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Anthony Rizzo, meet Felix Pie

The former Cub knows what it's like to be labeled the next 'savior'

August 15, 2012|By Matt Lindner | For RedEye

LAWRENCEVILLE, Ga. Cubs fans could be forgiven if they saw the box score from the Gwinnett Braves-Pawtucket Red Sox game June 12 and did a double take. That likely would have been followed by a wistful pause to ponder what might have been.

That day, would-be Greatest Pitcher in Cubs History Mark Prior came on in relief for Pawtucket in the eighth inning to face Felix Pie. You might remember him as the would-be-franchise-cornerstone-turned-Gwinnett-outfielder. Prior promptly hit Pie with a pitch; he retaliated by stealing second base.

You also wouldn't be alone in having your mind blown by that matchup.

"Wow man, that's … I go back when I see him and I think about 'wow, Prior,'" Pie told RedEye in an exclusive interview before a recent Gwinnett game.

He's known as one of the biggest busts in Cubs history, but Pie swears he holds no bitterness toward the team or the city.

"I can complain about that; I can be like, 'Oh, Chicago didn't give me an opportunity or nothing like that,'" he said. "All I have to do now is keep going, keep going and play hard and see what can happen."

Perhaps only someone like Anthony Rizzo understands what it's like to be Pie, a former Cubs savior du jour. It's a long way from patrolling left field in a mostly empty minor league ballpark a half-mile from a strip mall 45 minutes outside Atlanta.

Five years ago, Pie wore the "crown" currently sitting atop Rizzo's noggin as the Can't Miss Kid. Instead of being the wily old veteran as part of the latest Cubs rebuilding effort, he's trying to fight his way back to the big leagues.

"It's very tough [having those expectations] but you can learn," Pie said. "You can learn and you can't have that [label] affect you or your career."

Pie, like Rizzo this year, arrived with the Cubs amid a tornado of hype in 2007. In his first game at Wrigley, he laced a double off Cubs legend Greg Maddux, then pitching for San Diego. There was no reason to believe his story wasn't destined to end in championship parades.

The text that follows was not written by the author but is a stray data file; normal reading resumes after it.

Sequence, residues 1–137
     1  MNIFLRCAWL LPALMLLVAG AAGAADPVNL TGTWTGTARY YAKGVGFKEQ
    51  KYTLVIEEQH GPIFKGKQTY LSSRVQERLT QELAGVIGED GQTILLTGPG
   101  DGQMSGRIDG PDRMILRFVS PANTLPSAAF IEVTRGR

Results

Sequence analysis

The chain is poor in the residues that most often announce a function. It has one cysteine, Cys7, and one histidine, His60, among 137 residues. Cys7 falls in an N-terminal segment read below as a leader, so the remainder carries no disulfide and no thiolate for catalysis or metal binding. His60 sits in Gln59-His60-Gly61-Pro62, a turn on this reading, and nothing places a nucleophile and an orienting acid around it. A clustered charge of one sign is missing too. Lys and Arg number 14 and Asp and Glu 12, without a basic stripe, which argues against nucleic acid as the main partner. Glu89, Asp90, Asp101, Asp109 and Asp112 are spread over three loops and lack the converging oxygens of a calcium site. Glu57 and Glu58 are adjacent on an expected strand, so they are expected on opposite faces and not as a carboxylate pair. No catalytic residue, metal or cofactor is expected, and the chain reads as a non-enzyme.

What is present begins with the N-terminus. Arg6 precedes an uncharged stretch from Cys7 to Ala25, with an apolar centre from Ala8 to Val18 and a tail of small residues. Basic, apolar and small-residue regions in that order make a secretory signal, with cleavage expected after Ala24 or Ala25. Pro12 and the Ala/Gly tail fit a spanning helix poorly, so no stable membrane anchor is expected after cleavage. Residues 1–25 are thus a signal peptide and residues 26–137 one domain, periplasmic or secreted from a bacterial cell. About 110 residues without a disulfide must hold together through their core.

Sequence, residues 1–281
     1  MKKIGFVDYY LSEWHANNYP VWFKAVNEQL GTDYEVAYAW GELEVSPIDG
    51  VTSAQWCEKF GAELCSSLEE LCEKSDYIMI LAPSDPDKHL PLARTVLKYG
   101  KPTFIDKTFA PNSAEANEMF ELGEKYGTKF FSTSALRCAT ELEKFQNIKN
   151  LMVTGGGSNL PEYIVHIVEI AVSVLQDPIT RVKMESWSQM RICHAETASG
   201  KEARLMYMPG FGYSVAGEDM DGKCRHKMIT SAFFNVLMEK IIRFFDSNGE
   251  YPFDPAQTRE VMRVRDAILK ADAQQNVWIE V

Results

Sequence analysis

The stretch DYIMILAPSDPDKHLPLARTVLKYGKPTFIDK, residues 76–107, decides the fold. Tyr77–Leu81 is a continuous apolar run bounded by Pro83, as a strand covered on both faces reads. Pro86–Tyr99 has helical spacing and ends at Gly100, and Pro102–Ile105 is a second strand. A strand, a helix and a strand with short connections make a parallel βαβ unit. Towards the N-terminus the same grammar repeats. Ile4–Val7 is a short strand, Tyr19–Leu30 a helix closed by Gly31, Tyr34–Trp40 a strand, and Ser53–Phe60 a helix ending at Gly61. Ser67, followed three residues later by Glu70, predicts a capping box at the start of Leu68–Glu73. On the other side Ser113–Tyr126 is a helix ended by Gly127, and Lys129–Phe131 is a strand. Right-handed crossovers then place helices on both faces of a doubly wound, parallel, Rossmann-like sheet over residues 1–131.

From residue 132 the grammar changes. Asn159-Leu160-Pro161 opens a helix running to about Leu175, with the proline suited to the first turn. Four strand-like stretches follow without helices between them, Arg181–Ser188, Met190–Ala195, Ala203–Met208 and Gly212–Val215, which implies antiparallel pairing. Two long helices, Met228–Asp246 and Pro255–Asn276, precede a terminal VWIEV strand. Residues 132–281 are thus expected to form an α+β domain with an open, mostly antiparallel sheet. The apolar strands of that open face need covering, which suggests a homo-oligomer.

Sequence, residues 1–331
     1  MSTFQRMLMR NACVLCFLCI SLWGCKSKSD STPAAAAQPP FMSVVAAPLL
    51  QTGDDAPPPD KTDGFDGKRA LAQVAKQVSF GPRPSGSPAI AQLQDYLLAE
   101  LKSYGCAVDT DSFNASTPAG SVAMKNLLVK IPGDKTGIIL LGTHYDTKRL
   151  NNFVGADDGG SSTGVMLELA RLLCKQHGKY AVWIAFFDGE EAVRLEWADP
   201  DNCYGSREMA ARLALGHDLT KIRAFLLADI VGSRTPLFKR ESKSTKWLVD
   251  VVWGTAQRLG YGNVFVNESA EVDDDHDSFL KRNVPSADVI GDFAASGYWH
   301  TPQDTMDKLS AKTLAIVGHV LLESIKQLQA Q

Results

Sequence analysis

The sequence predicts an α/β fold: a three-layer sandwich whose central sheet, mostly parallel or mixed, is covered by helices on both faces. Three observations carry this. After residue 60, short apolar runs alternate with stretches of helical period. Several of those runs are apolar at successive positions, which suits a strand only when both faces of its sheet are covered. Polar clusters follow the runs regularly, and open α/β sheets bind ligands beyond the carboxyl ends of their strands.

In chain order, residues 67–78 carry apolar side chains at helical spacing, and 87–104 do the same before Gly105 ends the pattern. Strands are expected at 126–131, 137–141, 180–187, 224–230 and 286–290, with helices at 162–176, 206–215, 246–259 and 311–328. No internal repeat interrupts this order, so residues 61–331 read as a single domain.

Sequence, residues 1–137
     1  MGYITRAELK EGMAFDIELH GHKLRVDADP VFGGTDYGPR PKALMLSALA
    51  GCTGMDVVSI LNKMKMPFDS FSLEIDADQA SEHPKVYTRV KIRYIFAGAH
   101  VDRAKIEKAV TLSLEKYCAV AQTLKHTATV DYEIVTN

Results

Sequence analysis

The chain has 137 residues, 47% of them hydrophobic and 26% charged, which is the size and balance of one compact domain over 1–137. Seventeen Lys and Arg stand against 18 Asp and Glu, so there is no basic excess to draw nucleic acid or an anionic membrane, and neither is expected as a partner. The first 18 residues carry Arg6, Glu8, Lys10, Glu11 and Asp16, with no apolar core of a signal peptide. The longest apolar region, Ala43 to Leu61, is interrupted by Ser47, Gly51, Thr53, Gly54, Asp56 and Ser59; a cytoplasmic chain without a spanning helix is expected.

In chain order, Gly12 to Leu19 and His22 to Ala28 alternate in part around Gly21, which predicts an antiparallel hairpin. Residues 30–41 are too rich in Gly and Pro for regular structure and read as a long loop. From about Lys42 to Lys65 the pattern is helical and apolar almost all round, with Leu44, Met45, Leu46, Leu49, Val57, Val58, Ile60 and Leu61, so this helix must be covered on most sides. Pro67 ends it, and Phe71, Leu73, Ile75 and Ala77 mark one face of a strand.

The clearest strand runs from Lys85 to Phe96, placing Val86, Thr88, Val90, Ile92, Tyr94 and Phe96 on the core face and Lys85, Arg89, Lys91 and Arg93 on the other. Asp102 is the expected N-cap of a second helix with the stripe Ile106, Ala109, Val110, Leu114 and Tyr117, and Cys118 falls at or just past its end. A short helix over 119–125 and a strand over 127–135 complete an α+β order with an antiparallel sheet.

One problem: Pie, like Kevin Orie, Corey Patterson, and countless others before him, missed.

"Everything happened for a reason," he said, shrugging.

In just 130 games with the Cubs over two seasons, Pie struggled at the plate, hitting .223 with three home runs and 30 RBIs, never coming close to fulfilling the expectations the team and bleacher bums had for him.

"You can look back and think and say no one can understand [what I went through in Chicago]," Pie said. "That happened in baseball, so I can't shut it down. I have to keep going, working hard."

It's been a long, winding, and somewhat humbling road for Pie since leaving Chicago.

He was traded by the Cubs to Baltimore following the 2008 season, where he saw his numbers improve slightly (.259, 14 HRs, 67 RBIs) with increased playing time, but only enough to stick around the majors for only one full season, in 2009.

After the Orioles decided not to re-sign him, he went to Spring Training with Cleveland, where he was released after failing to earn a bench spot. A strong early-season showing with the independent Camden RiverSharks earned Pie another chance in the form of a minor league deal with Atlanta.

Pie said he didn't have a chance to speak with Prior before the game, but he does keep in touch with current Cubs including Starlin Castro, Carlos Marmol and Alfonso Soriano. Castro in particular, Pie said, has big things ahead of him if he can stay on track.

"He's proven everything he can do," Pie said. "This kid is special. I think he's a great kid and he puts everything together. He's quick enough, so that's good."

The Braves don't return to Wrigley this season, so if Pie does get called up, he won't have to worry about coming back to the Friendly Confines just yet. When asked if he's thought about it, however, one gets the feeling it's crossed his mind.

"That's the question I get asked, but only God knows what's going to happen," he said, laughing.

Matt Lindner is a RedEye special contributor.

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